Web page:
In particular, there was a large focus on the tail fin, a major feature of early Cadillacs. To Ant Farm, the tail fin represented class, luxury, and a strange aesthetic choice adopted by Americans everywhere simply because the Cadillac was such a symbol in and of itself. They wanted the Cadillac Ranch to show the tail fin and to even be a tribute to the fall of such an easily identifiable part of American automobiles. The cars were buried nose first to show the glorious tail fin as it was introduced and subsequently eliminated from the Cadillac.
Of course, the modern Cadillac Ranch doesn’t quite present this feeling of progression. That’s because it’s truly a public art installation. Members of the public are encouraged to add (or perhaps more literally, subtract) from the Cadillac Ranch in just about any way that they’d see fit. Pieces of cars have been gradually stripped away for years as the Cadillac Ranch has grown in notoriety. Tourists stop by to see the installation and decide to take a part of it with them. As a result, any part of the Cadillacs which were removable were taken long ago—including the tail fins that originally inspired the art piece. Ant Farm, of course, encouraged this. Accepting a bit of thieving from the public seemed logical, since the Cadillac Ranch was built to confuse and inspire thought in the first place. Thieving didn’t defeat the purpose of the work; if anything, it helped the work to evolve from the perspective of its creators.
Spray painters have also taken their toll on the Ranch. It’s become a sort of Mecca to anyone with a can of spray paint and a quick message to relay to the world, and spray painting is, again, encouraged by the owners and creators of the Cadillac Ranch. Tourists from all over the world use every conceivable color and type of paint to leave their mark, however temporarily, on Amarillo’s most famous art piece. Spray paint messages are almost instantly covered with other spray paint messages, ensuring that the Cadillac Ranch will be different each time that you visit it. For better or for worse, it’s a piece of Americana that changes on a daily basis as new hordes of visitors file past the Cadillac Ranch.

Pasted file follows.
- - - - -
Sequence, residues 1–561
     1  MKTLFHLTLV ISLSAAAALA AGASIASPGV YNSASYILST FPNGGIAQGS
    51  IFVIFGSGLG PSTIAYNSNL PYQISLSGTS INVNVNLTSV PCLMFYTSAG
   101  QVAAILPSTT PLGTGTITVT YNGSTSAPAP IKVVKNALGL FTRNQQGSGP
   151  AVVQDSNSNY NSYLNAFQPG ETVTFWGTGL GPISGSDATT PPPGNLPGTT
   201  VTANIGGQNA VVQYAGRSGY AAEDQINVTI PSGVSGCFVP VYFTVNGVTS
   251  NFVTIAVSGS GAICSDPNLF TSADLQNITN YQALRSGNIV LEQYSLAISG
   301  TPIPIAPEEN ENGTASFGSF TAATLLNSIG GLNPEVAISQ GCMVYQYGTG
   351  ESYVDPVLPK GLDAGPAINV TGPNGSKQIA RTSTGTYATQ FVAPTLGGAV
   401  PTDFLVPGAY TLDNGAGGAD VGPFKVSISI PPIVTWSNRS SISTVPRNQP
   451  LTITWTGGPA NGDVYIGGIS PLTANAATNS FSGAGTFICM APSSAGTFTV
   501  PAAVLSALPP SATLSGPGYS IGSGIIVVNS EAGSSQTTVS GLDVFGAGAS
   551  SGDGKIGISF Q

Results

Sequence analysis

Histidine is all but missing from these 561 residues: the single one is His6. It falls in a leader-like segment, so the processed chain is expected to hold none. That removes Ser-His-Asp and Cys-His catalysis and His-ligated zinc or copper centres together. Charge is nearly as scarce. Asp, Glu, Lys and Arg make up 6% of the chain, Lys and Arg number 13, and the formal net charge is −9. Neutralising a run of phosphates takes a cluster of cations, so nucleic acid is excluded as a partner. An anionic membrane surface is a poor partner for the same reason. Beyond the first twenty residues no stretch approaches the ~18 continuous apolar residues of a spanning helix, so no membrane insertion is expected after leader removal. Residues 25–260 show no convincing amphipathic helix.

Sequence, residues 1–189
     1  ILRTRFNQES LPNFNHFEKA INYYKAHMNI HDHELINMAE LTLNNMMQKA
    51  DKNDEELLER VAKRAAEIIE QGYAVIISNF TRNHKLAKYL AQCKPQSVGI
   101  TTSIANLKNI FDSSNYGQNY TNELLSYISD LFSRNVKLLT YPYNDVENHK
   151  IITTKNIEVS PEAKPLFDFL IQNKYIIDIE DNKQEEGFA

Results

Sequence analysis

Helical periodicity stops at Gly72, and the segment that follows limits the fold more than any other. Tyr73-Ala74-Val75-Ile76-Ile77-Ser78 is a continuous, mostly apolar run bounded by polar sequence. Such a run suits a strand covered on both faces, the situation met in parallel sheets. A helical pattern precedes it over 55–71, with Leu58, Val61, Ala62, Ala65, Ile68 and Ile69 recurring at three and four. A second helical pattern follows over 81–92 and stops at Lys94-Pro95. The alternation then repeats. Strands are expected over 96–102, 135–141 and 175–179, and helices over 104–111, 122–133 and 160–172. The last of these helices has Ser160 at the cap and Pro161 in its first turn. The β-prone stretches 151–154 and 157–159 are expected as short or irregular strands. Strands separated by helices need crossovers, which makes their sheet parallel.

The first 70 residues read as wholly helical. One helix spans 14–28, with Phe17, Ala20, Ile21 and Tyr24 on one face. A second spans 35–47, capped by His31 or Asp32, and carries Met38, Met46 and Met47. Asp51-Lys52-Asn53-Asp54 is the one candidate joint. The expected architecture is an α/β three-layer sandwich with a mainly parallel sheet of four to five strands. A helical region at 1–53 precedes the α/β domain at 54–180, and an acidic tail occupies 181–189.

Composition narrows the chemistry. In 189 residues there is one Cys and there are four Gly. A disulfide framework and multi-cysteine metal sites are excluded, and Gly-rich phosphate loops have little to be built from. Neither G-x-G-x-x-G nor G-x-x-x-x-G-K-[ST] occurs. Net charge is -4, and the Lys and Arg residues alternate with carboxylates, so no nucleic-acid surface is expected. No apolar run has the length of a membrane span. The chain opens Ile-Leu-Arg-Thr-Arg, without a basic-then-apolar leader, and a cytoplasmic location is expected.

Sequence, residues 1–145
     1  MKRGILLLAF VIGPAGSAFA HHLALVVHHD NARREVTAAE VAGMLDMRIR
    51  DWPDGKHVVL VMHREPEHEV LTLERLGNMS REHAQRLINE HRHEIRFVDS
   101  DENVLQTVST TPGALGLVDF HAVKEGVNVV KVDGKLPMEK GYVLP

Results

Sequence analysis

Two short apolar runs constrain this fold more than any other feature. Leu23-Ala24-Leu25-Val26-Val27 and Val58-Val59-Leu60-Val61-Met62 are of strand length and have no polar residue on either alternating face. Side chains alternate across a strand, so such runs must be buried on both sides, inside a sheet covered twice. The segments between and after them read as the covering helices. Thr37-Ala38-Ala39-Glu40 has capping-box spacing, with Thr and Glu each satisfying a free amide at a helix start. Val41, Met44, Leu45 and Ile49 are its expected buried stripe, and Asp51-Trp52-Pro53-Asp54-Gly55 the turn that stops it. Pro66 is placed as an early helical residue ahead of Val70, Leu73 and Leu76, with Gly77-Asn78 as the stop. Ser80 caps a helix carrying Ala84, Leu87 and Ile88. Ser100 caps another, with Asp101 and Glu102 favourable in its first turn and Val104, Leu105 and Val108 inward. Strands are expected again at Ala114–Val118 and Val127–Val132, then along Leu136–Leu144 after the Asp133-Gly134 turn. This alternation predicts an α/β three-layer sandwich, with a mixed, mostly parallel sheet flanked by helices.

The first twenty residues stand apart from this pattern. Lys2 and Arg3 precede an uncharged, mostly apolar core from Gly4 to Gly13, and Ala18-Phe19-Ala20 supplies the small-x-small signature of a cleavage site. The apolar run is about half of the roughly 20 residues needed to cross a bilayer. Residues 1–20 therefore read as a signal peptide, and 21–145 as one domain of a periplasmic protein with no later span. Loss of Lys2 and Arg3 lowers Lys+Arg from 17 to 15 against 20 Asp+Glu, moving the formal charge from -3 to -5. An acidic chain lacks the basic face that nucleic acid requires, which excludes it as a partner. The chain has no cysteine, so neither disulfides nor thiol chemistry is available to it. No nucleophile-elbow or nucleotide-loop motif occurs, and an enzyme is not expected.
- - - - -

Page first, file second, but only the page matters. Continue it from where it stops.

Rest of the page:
And visitors certainly make a point to stop and marvel at the Cadillac Ranch, regardless of how it compares to its original message. The cars are no longer recognizable as Cadillacs. Spray paint builds up and chips off. A perpetual cloud of paint surrounds many of the cars at any given time as new visitors arrive and leave. However, the Cadillac Ranch has only grown in popularity, even as it has changed dramatically.
It’s certainly not the same installation, but like any good piece of art, its place in pop culture has steadily evolved. The Cadillac Ranch can now be seen in the background of countless movies and television shows. Even for people who have never known its name or visited the installation itself, the Cadillac Ranch is a timeless symbol of the West, Texas, and the once great American automobile industry.
Phil Dotree has written over 2,000 articles on various subjects for many websites and news sites (Fark, Digg.com, etc.). He has been featured on the Howard Stern show and CNN.com.